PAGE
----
But then the game goes right on acting like a psychic ghost lady should be new ground with no procedures in place for how to deal with such a thing. People comment on their radios not working properly, but nobody suggests there might be paranormal interference. The Point Man keeps dropping off the radar, but nobody suggests paranormal interference. Paxton keeps jumping all over the place and dropping off the radar, and again nobody suggests paranormal interference, instead reacting completely mystified like the idea of a psychic commander having strange powers is literally unthinkable.

The result is very inconsistent and calls into question the premise of the game. Events honestly make far more sense, overall, if you assume First Encounter Assault Recon is merely a regular anti-terrorist unit or something of that sort, with this being the first time a F.E.A.R. unit has met encountered a paranormal event. Except then there are the scenes that demand that there's prior experience! It's a mess, and it makes me wonder exactly when the story's premise in this regard was invented, because it feels almost tacked-on, like the team wanted to do a horror shooter and only late in the process came up with First Encounter Assault Recon as this organization that handles paranormal situations on the regular.

But really, I find it more likely the developers had it in mind from the beginning and just kind of ignored the implications because their primary goal was a horror game and not an internally coherent world. Which is unfortunate, because the premise of the F.E.A.R. organization could make for a really fascinating game, and would've been a natural jumping-off point for sequels dealing with a variety of paranormal events, such as more conventional ghosts, wendigo, etc, all tied together by the F.E.A.R. organization being the one handling them. Instead the sequels all fixated on Alma in particular, with the F.E.A.R. organization all but entirely dropped as an idea -it gets name-dropped by both F.E.A.R. 2 and F.3.A.R., but eg in F.3.A.R. it only matters inasmuch as Point Man and Jin have prior familiarity with each other. The fact that she's an experienced F.E.A.R. operative who you'd think has dealt with this kind of thing before? Ignored. Same with F.E.A.R. 2's minimal touching on the organization.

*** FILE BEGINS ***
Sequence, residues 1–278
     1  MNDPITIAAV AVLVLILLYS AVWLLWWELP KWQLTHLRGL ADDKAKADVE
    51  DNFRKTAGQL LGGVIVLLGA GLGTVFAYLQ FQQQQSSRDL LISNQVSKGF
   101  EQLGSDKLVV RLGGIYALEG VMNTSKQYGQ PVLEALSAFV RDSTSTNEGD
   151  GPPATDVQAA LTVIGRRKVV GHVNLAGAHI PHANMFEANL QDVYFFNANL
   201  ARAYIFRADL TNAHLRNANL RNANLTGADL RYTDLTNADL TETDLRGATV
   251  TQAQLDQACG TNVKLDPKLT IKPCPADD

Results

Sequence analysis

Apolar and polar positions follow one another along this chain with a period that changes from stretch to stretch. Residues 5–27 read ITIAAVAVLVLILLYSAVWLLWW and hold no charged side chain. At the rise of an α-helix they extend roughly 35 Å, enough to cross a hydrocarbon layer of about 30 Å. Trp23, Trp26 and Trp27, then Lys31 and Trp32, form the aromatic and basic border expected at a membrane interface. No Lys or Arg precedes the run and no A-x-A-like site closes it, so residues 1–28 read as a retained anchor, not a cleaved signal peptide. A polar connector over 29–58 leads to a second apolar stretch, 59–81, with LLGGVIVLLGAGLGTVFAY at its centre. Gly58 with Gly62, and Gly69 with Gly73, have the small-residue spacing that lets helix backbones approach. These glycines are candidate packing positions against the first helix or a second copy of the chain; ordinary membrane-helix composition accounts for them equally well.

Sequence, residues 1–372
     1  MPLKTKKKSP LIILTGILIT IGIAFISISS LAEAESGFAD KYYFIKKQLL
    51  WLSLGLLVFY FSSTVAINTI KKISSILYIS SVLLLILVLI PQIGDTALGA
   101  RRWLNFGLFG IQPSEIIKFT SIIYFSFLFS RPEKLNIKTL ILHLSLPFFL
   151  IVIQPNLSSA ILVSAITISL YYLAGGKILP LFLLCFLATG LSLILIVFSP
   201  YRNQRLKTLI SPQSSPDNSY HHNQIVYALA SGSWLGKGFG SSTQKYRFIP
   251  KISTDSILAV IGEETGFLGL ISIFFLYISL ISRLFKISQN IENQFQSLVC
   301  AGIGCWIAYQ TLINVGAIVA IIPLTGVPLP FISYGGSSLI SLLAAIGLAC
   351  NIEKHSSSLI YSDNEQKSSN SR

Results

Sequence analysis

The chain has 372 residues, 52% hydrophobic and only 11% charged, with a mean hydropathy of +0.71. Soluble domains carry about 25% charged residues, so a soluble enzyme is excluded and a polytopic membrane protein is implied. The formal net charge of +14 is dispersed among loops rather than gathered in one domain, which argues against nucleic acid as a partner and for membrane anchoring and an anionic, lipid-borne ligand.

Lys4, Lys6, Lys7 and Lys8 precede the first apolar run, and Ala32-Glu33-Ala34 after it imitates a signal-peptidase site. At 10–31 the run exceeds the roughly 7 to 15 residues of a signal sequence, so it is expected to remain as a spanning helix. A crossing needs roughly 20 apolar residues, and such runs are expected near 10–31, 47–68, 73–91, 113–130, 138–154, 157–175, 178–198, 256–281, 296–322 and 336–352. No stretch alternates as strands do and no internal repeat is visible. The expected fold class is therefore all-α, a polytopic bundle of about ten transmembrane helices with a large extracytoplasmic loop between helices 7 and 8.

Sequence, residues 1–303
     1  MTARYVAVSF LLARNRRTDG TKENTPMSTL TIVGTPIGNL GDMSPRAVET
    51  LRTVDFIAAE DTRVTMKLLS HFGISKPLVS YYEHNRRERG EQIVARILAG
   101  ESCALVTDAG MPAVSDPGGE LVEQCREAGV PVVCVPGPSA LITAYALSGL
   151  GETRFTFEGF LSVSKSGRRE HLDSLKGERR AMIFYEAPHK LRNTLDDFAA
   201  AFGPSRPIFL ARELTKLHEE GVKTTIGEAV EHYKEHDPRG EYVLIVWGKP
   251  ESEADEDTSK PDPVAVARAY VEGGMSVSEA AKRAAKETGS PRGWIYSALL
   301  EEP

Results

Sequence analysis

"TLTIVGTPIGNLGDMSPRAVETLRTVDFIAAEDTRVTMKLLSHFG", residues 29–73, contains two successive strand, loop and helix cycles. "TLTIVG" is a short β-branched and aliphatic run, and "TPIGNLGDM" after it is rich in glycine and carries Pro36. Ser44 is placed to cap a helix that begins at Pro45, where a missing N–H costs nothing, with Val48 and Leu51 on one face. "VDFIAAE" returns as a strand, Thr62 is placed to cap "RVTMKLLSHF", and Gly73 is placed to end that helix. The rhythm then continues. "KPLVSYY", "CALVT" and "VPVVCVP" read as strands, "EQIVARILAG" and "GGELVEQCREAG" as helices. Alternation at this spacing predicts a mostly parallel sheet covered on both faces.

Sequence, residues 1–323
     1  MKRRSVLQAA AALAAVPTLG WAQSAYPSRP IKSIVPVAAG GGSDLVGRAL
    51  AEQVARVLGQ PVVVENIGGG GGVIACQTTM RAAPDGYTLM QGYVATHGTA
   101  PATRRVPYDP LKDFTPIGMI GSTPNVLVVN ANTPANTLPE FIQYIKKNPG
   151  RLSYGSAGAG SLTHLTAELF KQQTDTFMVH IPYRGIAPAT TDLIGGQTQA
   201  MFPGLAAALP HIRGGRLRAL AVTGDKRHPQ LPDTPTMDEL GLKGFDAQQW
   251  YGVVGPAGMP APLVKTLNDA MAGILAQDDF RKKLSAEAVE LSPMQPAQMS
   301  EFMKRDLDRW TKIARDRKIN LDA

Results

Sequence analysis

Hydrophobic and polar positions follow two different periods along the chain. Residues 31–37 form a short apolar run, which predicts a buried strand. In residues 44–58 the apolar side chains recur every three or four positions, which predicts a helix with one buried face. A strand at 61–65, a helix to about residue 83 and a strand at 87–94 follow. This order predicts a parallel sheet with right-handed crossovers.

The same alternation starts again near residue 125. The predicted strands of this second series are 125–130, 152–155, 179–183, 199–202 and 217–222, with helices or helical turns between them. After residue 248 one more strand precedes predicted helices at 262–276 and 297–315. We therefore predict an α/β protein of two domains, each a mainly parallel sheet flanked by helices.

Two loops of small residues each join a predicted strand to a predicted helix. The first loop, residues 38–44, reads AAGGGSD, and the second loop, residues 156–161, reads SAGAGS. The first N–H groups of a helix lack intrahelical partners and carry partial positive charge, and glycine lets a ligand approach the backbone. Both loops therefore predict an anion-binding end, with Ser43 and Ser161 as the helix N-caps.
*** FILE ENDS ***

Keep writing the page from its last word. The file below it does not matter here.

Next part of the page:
Then there's more subtle missteps.

This Is Clearly Supernatural And In No Way A Product Of Science

The game has a pretty solid way of conveying that Alma has psychically murdered people and it's blatantly unnatural: all that's left behind is strangely-intact skeletons and blood. Lots of blood. That would be difficult to arrange even with lots of time and some actual tools, but Alma can do this in seconds, and with nothing but her mind. I actually really liked this touch!

Then I found the Particle Weapon.

What happens when you finish off an enemy with the Particle Weapon? They leave behind an ash-black strangely-intact skeleton.

That directly undermines the effectiveness of Alma's distinctive psychic murder method: no longer is that something that pretty much has to be Alma. Now it could be someone with a Particle Weapon carting around literal buckets of blood that they empty all over the skeletons and surrounded area. Which you could potentially arrange to get such buckets from a butcher or something!

I'm pretty sure I know how this came about, too: probably they made the skeleton model, and then someone had the bright idea that it would make for a cool effect if one weapon had the unusual behavior of swapping the live model with a skeleton model on death. It probably wasn't hugely difficult to implement on a technical level, and only required a slight modification to an existing art asset to get the art part handled. And honestly, I quite like the Particle Weapon's effect. It is cool.